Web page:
I think Vines’ insight that committed same-sex relationships didn’t exist at the time of the writing of the Bible is worldview-changing. You don’t have to know a lot about cultural circumstances 2000 years ago to understand that they would understand homosexuality in some different way than we do today. I mean, you only have to think back 10 years to remember a time when we thought about orientation differently, so of course millennia past would be dramatically different!

I also understand the critique that the Bible should stand on its own, but frankly, it doesn’t. So much of literal interpretation is reliant on a preexisting knowledge of Jewish sacrificial rites, for instance, that we can’t possibly assume that everything within those pages would be timeless and self-contained. It’s why I find critiques of Vines cultural context argument silly; why should we need to know the historical context of Pontius Pilate and regional governance systems, but ignore the cultural systems surrounding same-sex relations?

I’m still going to use this as a touchtone whenever I’m faced with homophobic evangelicalism, of course. And I’ll probably be met with the same resistance I’ve described, of course. But those disagreements are part of a larger pattern of biblical literalists failing to argue in good faith, not a failing of this book’s powerful arguments.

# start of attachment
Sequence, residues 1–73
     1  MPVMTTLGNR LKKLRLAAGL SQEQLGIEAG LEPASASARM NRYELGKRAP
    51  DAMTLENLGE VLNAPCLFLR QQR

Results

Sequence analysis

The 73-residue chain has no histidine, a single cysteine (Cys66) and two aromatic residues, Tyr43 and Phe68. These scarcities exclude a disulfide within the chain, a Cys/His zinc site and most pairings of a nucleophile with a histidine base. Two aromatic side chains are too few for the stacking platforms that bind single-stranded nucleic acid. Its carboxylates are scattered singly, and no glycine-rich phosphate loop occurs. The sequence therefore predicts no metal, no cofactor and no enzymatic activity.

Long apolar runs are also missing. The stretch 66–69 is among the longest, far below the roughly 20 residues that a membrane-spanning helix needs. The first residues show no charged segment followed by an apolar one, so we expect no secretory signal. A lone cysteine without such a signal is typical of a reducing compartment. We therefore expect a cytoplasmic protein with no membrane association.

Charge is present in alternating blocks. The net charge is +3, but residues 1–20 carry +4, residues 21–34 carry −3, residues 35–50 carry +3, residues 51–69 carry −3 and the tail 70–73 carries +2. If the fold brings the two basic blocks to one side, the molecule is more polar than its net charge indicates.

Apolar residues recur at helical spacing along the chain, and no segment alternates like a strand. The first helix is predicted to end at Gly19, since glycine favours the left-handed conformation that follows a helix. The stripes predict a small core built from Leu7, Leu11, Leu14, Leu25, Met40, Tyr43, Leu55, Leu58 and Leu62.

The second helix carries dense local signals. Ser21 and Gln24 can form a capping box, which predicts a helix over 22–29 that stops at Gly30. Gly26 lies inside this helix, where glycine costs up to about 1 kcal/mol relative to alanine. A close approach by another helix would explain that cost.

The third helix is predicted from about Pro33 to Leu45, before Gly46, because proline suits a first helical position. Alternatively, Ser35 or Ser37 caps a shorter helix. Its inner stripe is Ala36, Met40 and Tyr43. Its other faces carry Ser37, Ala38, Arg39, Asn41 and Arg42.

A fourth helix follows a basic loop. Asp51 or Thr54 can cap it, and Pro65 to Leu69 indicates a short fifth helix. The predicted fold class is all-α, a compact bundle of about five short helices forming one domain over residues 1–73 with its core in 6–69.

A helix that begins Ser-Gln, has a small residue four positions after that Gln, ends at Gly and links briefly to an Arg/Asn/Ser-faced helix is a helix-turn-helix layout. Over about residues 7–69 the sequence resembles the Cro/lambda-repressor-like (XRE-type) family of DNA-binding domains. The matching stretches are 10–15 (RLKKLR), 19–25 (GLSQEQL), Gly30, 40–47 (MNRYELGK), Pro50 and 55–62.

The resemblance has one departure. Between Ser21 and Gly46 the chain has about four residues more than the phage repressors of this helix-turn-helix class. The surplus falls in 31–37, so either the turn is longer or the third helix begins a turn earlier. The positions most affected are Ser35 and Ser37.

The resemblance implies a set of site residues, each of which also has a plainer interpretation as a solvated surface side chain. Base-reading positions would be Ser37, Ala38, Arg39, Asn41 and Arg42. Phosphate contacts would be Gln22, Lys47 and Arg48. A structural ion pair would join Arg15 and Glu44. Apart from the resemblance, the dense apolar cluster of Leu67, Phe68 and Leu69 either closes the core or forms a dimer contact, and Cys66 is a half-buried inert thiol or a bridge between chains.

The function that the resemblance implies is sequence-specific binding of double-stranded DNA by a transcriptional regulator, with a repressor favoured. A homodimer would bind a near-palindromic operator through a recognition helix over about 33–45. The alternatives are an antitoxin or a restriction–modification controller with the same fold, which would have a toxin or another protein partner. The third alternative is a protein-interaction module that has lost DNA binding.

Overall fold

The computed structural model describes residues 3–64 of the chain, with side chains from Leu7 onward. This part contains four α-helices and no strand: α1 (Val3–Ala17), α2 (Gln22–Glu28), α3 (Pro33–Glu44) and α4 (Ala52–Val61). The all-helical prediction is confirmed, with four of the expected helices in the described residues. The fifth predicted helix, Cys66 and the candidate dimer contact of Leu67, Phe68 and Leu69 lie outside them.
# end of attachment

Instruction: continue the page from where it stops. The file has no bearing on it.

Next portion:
After God

I came to the BBC docu-series The Sea of Faith by way of the Samuel Barber musical setting of the Matthew Arnold poem which its title references. I later discovered it’s author and narrator, Don Cupitt, was a prolific writer and former priest. I’ve been familiar with his work long enough to cherish his contributions to religious thought but I only recently revisited After God, a stunning gem of a book which is made even more remarkable by how prescient it seems nearly 25 years after its publication.

Cupitt’s writing is so unusual because he splits his attention between laypeople and academics yet never fails either. His references to the philosophical canon are deep, yet if you don’t know the citation you’re immediately made aware of its importance without his ever being patronizing. He is fluent in the technical language of Kant but speaks as directly and colloquially as a friend.